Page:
For six weeks, Bee reporter Donald Munro has explored the story behind Good Company Players and its leader Dan Pessano on the eve of GCP's 40th anniversary. Munro's work will appear soon in a 20,000-word enhanced e-book, "The Company We Keep." This is the start of a 3-part, condensed version timed to start on GCP's 40th anniversary.
Part 1: Another opening, another show -- as GCP celebrates its 40th anniversary of theater in the Valley, the conveyer belt of new productions never stops.
Part 2: GCP is the Pessano family business -- and the recent economic slump has been tough. Without it, the company, the Tower District and the Fresno theater scene wouldn't be the same. Coming Wednesday.
Part 3: How do you measure success in a life? He might not be a household name in New York, but in many ways, Dan Pessano is a theater superstar. Coming Thursday.
About the e-book
"The Company We Keep" is a 20,000-word enhanced e-book with nine chapters tracing GCP's 40 years through the central character of Dan Pessano. From an extended history of the company's early days to the successes of some of its brightest stars, the book looks at the challenges of keeping a theater company afloat and asks: What's next for the GCP? Available soon for $2.99 at Kindle, iBook, Nook and other stores.Part 1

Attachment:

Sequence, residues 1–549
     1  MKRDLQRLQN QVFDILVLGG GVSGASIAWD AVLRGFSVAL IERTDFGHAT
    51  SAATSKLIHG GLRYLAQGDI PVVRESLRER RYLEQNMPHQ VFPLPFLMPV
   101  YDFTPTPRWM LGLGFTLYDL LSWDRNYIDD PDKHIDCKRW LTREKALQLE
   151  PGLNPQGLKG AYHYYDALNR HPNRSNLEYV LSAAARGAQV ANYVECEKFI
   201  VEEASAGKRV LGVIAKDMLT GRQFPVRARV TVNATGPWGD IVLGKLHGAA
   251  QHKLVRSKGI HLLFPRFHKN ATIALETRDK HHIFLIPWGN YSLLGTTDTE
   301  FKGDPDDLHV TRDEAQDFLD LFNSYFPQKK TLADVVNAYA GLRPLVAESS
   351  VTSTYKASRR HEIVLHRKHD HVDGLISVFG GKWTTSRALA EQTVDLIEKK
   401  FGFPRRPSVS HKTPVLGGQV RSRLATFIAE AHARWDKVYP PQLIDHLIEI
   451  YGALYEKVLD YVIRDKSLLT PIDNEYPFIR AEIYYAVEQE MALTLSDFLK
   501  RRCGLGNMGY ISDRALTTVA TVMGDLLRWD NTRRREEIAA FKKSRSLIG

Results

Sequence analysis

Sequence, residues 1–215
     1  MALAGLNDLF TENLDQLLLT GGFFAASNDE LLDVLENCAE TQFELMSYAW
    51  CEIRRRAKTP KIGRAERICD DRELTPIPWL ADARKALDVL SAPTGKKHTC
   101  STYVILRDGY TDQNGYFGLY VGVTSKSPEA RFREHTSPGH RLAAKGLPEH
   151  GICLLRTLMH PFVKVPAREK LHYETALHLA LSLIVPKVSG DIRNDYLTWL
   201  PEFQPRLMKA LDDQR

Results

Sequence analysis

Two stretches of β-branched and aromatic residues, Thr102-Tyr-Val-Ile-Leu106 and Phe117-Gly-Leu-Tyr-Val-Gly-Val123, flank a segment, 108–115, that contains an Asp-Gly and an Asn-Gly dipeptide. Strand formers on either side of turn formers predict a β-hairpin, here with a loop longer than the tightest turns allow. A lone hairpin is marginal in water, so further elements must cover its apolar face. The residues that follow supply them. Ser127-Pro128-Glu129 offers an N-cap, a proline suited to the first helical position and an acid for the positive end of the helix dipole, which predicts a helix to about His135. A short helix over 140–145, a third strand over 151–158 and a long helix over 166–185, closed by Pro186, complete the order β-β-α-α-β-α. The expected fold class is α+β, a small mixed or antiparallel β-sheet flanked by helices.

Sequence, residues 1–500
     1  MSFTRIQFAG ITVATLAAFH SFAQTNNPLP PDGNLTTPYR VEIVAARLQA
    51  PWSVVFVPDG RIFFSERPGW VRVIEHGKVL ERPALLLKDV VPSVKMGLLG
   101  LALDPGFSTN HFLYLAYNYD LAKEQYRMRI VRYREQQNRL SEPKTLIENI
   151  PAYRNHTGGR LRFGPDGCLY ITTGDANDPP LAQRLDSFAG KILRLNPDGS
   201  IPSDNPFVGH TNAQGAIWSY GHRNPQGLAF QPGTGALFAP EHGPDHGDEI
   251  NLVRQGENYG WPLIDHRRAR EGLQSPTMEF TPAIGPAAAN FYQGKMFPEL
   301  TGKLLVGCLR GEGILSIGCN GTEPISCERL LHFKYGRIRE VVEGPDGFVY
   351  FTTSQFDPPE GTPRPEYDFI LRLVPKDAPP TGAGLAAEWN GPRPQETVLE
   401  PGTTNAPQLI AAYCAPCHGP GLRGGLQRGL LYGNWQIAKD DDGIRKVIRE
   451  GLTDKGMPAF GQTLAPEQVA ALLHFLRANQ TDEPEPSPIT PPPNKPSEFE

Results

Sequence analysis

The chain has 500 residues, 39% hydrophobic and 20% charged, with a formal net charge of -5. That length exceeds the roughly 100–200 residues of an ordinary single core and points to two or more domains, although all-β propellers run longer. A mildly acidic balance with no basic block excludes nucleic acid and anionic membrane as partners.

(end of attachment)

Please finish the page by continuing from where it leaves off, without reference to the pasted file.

No one mourns the last show of the run. At Good Company Players, they don't have time.
It's a hot spring afternoon in Fresno's Tower District, and disassembled backdrops from the village of Anatevka sit in a line against the south side of Roger Rocka's Dinner Theater. They look like giant photo frames propped up on a mantel. Inside, the cast of "Paint Your Wagon" -- a lovable, hoary chestnut of a musical set in the California Gold Rush -- whoops and hollers while performing the show's finale and curtain call. The applause is heavy and sustained. At Sunday matinees, the audience usually skews toward the older range of the senior demographic. When one sly person cracks a joke backstage before the last performance about some of the audience members having actually lived in the Gold Rush, it gets a big laugh from the cast. The 1950s-era material definitely clicks with this crowd.
There's no time to savor the moment of another show entering the GCP record books, however. Another show -- another opening night -- is in just four days. Ten minutes after curtain, "Paint Your Wagon" is already a memory. The name of the game is "Fiddler on the Roof."
As Good Company Players celebrates its 40th anniversary today with a celebratory performance at the Tower Theatre, the biggest miracle is this: Opening night has been repeated 436 times.